Sinclair’s Stirr Reaches 1M Downloads in 6 Months

Sinclair Broadcast Group’s streaming service Stirr has garnered more than a million downloads since its launch six months ago, exceeding the company’s forecasts.

Most of the viewing is coming to Stirr’s linear channels and the most popular network is the Stirr City channel, featuring news from local Sinclair TV stations and other programming, according to Adam Ware, general manager of Stirr.

Ware said Stirr will soon be adding Stirr City channels for markets in which Sinclair does not own stations. He did not disclose which station groups Sinclair is talking to. “We’re getting a lot of interest from other broadcast companies that are quite interested in becoming Stirr City affiliates,” he said.

He didn’t elaborate on the financial terms, but it is likely that Sinclair will sell the ads on the streaming station and split the revenue with the station owner.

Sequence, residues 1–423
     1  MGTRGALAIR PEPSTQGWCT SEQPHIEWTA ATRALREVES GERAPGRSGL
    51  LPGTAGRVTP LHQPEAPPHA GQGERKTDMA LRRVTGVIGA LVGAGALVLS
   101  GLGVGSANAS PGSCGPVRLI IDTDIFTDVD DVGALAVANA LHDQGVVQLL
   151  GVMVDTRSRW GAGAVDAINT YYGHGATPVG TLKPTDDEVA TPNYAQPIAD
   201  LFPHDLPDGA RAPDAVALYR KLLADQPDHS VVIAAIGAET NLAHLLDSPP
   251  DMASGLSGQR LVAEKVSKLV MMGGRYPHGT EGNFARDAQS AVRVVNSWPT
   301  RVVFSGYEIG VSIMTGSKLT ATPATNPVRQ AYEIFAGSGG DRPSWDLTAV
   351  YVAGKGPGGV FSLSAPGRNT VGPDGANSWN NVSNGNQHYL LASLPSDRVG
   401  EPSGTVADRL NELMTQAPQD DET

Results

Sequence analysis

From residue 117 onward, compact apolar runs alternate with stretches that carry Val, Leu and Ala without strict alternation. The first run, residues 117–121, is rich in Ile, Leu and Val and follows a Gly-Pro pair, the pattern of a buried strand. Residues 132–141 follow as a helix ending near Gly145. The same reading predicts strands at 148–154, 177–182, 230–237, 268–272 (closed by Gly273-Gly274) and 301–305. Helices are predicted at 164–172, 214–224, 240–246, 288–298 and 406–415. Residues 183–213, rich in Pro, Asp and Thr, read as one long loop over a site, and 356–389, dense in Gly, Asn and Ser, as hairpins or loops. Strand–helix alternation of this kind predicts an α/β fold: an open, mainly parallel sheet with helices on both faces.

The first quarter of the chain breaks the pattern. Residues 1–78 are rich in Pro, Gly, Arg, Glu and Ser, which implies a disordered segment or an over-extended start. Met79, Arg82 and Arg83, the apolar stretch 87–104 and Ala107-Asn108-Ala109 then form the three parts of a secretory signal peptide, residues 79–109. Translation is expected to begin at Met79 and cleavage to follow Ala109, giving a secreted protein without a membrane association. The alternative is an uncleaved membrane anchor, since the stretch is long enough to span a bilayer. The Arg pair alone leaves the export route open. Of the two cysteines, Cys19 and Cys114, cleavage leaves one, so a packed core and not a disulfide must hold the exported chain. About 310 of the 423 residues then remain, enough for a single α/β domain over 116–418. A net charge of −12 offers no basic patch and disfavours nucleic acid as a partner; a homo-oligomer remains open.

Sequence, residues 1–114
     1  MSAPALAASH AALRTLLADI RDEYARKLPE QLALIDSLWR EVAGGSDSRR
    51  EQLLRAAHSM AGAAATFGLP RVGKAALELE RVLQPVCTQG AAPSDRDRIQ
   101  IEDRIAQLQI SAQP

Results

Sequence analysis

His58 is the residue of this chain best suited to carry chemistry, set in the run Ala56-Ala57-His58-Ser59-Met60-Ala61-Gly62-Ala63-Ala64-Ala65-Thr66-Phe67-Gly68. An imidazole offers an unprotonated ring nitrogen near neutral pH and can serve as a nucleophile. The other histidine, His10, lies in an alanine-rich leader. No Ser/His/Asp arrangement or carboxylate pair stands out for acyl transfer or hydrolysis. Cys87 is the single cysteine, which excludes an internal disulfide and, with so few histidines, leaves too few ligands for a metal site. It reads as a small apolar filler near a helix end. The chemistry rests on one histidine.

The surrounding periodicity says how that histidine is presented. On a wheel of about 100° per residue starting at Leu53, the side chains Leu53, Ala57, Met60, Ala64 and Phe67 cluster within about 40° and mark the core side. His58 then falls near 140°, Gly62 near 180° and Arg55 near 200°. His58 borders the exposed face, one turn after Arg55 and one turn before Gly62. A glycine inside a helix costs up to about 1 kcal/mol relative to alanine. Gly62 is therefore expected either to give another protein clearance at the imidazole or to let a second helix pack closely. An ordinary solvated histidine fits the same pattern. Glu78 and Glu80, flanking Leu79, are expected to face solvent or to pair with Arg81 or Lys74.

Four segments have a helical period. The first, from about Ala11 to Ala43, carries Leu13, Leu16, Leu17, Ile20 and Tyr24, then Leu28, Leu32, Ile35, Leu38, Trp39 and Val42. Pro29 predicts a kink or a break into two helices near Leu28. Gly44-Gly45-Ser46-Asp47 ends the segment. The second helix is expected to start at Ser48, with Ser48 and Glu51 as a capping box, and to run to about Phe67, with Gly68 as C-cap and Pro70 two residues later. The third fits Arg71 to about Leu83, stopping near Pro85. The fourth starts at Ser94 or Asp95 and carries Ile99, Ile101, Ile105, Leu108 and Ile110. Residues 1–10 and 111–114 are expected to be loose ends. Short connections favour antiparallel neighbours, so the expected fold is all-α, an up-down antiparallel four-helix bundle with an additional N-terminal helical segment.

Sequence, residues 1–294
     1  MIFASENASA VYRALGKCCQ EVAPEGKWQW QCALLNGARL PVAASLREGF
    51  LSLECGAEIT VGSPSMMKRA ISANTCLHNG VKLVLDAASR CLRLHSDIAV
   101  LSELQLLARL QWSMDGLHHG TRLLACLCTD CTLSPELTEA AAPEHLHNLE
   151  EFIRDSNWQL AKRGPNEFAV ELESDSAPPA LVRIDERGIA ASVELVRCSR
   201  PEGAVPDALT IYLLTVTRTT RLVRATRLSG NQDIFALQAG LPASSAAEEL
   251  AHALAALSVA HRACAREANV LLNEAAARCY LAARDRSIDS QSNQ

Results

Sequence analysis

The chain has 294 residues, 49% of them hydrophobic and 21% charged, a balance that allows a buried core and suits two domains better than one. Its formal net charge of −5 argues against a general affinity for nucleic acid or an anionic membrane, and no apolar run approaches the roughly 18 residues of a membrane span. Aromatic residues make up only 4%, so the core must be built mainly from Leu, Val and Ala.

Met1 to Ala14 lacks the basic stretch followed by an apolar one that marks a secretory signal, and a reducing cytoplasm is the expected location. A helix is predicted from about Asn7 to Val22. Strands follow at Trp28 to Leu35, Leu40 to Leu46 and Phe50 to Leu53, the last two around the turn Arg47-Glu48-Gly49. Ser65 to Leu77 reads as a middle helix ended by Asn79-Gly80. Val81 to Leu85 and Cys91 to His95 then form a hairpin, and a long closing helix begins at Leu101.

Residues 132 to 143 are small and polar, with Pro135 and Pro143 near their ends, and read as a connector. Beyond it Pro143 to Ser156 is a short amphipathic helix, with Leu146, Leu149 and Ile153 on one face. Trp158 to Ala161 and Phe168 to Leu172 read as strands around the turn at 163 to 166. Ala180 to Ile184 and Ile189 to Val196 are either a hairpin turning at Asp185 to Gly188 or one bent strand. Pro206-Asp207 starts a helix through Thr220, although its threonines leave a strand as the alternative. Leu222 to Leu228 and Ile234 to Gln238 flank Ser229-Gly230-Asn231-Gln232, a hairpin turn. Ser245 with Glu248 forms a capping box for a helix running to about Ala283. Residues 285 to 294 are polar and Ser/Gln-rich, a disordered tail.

Related: Sinclair Looking to STIRR-up RSN Content

Stirr will also be adding 10 additional national networks. At launch Stirr had about 20 channels. Since launch, among the most popular is the game show network Buzzr.

Ware said Stirr hadn’t expected to reach a million downloads until the end of December. Connected devices led by Roku, Fire TV and Apple TV account for 76% of the download and 85% of Stirr viewership is coming through connected TV.

Viewership is up 200% since launch, with the average viewing session rising from 30 minutes at launch to 60 minutes now.

Viewing on Stirr City tends to peak during times when Stirr streams local station newscasts. At other times, the station runs acquired programming ranging from Hell’s Kitchen to the old Lucy Show. The programming is customized on a market-by-market basis using the instant viewing data available to over-the-top programmers. “It’s metered-markets on steroids,” Ware said.

Jon Lafayette

Jon has been business editor of Broadcasting+Cable since 2010. He focuses on revenue-generating activities, including advertising and distribution, as well as executive intrigue and merger and acquisition activity. Just about any story is fair game, if a dollar sign can make its way into the article. Before B+C, Jon covered the industry for TVWeek, Cable World, Electronic Media, Advertising Age and The New York Post. A native New Yorker, Jon is hiding in plain sight in the suburbs of Chicago.